(Bloomberg) -- Beijing is accelerating its bid for global leadership in key technologies, planning to pump more than a trillion dollars into the economy through the rollout of everything from wireless networks to artificial intelligence.In the masterplan backed by President Xi Jinping himself, China will invest an estimated $1.4 trillion over six years to 2025, calling on urban governments and private tech giants like Huawei Technologies Co. to lay fifth generation wireless networks, install cameras and sensors, and develop AI software that will underpin autonomous driving to automated factories and mass surveillance.The new infrastructure initiative is expected to drive mainly local giants from Alibaba and Huawei to SenseTime Group Ltd. at the expense of U.S. companies. As tech nationalism mounts, the investment drive will reduce China’s dependence on foreign technology, echoing objectives set forth previously in the Made in China 2025 program. Such initiatives have already drawn fierce criticism from the Trump administration, resulting in moves to block the rise of Chinese tech companies such as Huawei.“Nothing like this has happened before, this is China’s gambit to win the global tech race,” said Digital China Holdings Chief Operating Officer Maria Kwok, as she sat in a Hong Kong office surrounded by facial recognition cameras and sensors. “Starting this year, we are really beginning to see the money flow through.”The tech investment push is part of a fiscal package waiting to be signed off by China’s legislature, which convenes this week. The government is expected to announce infrastructure funding of as much as $563 billion this year, against the backdrop of the country’s worst economic performance since the Mao era.The nation’s biggest purveyors of cloud computing and data analysis Alibaba Group Holding Ltd. and Tencent Holdings Ltd. will be linchpins of the upcoming endeavor. China has already entrusted Huawei to galvanize 5G. Tech leaders including Pony Ma and Jack Ma are espousing the program.Maria Kwok’s company is a government-backed systems integration provider, among many that are jumping at the chance. In the southern city of Guangzhou, Digital China is bringing half a million units of project housing online, including a complex three quarters the size of Central Park. To find a home, a user just has to log on to an app, scan their face and verify their identity. Leases can be signed digitally via smartphone and the renting authority is automatically flagged if a tenant’s payment is late.China is no stranger to far-reaching plans with massive price tags that appear to achieve little. There’s no guarantee this program will deliver the economic rejuvenation its proponents promise. Unlike previous efforts to resuscitate the economy with “dumb” bridges and highways, this newly laid digital infrastructure will help national champions develop cutting-edge technologies.What BloombergNEF SaysChina’s new stimulus plan will likely lead to a consolidation of industrial internet providers, and could lead to the emergence of some larger companies able to compete with global leaders such as GE and Siemens. One bet is on industrial internet-of-things platforms as China aims to cultivate three world leading companies in this area by 2025.Nannan Kou, head of researchClick here for researchChina isn’t alone in pumping money into the tech sector as a way to get out of the post-virus economic slump. Earlier this month, South Korea said AI and wireless communications would be at the core of it its “New Deal” to create jobs and boost growth.According to the government-backed China Center for Information Industry Development, the 10 trillion yuan ($1.4 trillion) that China is estimated to spend from now until 2025 encompasses areas typically considered leading edge such as AI and IoT as well as items such as ultra-high voltage lines and high-speed rail. More than 20 of mainland China’s 31 provinces and regions have announced projects totaling over 1 trillion yuan with active participation from private capital, a state-backed newspaper reported Wednesday.Separate estimates by Morgan Stanley put new infrastructure at around $180 billion each year for the next 11 years -- or $1.98 trillion in total. Those calculations also include power and rail lines. That annual figure would be almost double the past three-year average, the investment bank said in a March report that listed key stock beneficiaries including companies such as China Tower Corp., Alibaba, GDS Holdings, Quanta Computer Inc. and Advantech Co.Beijing’s half-formed vision is already stirring a plethora of stocks, a big reason why five of China’s 10 best-performing stocks this year are tech plays like networking gear maker Dawning Information Industry Co. and Apple supplier GoerTek Inc. The bare outlines of the masterplan were enough to drive pundits toward everything from satellite operators to broadband providers.It’s unlikely that U.S companies will benefit much from the tech-led stimulus and in some cases they stand to lose existing business. Earlier this year when the country’s largest telecom carrier China Mobile awarded contracts for 37 billion yuan in 5G base stations, the lion’s share went to Huawei and other Chinese companies. Sweden’s Ericsson got only a little over 10% of the business in the first four months. In one of its projects, Digital China will help the northeastern city of Changchun swap out American cloud computing staples IBM, Oracle and EMC with home-grown technology.It’s in data centers that a considerable chunk of the new infrastructure development will take place. Over 20 provinces have launched policies to support enterprises utilizing cloud computing services, according to a March note from UBS Group AG. Tony Yu, chief executive officer of Chinese server maker H3C, that his company was seeing a significant increase in demand for data center services from some of the country’s top internet companies. “Rapid growth in up-and-coming sectors will bring a new force to China’s economy after the pandemic passes,” he told Bloomberg News.From there, more investment should flow. Bain Capital-backed data center operator Chindata Group estimated that for every one dollar spent on data centers another $5 to $10 in investment in related sectors would take place, including in networking, power grid and advanced equipment manufacturing. “A whole host of supply-chain companies will benefit,” the company said in a statement.There’s concern about whether this long-term strategy provides much in the way of stimulus now, and where the money will come from. “It’s impossible to prop up China’s economy with new infrastructure alone,” said Zhu Tian, professor of economics at China Europe International Business School in Shanghai. “If you are worried about the government’s added debt levels and their debt servicing abilities right now, of course you wouldn’t do it. But it’s a necessary thing to do at a time of crisis.”Digital China is confident that follow-up projects from its housing initiative in Guangzhou could generate 30 million yuan in revenue for the company. It’s also hoping to replicate those efforts with local governments in the northeastern province of Jilin, where it has 3.3 billion yuan worth of projects approved. These include building a so-called city brain that will for the first time connect databases including traffic, schools and civil matters such as marriage registry. “The concept of smart cities has been touted for years but now we are finally seeing the investment,” said Kwok.(Updates with more details on projects from around China in tenth paragraph)For more articles like this, please visit us at bloomberg.comSubscribe now to stay ahead with the most trusted business news source.©2020 Bloomberg L.P.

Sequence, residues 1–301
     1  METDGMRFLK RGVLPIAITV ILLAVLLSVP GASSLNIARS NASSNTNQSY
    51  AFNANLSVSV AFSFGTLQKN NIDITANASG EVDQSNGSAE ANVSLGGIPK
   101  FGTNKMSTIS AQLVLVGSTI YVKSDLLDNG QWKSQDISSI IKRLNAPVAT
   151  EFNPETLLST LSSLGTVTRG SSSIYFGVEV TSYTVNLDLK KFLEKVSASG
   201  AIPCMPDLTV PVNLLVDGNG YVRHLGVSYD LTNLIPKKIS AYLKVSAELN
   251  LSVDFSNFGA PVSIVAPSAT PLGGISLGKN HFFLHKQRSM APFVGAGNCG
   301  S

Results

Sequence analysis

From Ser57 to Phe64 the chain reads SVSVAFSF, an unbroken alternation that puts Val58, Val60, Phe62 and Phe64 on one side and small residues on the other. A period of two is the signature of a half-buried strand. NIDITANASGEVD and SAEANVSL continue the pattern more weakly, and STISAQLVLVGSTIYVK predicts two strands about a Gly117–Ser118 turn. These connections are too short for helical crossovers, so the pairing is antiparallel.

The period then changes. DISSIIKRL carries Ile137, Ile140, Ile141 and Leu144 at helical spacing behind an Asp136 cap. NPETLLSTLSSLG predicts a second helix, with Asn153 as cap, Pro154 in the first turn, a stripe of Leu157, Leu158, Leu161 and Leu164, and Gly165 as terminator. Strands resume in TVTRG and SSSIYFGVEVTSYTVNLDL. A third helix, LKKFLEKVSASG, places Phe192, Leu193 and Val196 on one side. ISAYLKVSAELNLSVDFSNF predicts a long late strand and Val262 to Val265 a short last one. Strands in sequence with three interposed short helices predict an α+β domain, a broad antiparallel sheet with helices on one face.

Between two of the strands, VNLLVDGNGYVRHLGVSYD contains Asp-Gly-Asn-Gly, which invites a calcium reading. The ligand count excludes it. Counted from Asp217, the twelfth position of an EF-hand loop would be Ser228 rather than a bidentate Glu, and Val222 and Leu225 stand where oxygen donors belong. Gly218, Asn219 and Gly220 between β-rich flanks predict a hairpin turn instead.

Most Canadian banks and insurers have strong wealth and asset management units that compete fiercely to add rich Canadians to their list of clients by offering a range of products and services to cater to their financial needs. Morgan Stanley will offer full-service financial advisers, virtual financial advisers, a discount self-directed investing solution and online investment management as part of its wealth management services. The bank said Morgan Stanley Wealth Management Canada will be a part of the stock plan administrative services that it currently offers through Shareworks, a company it acquired in 2019.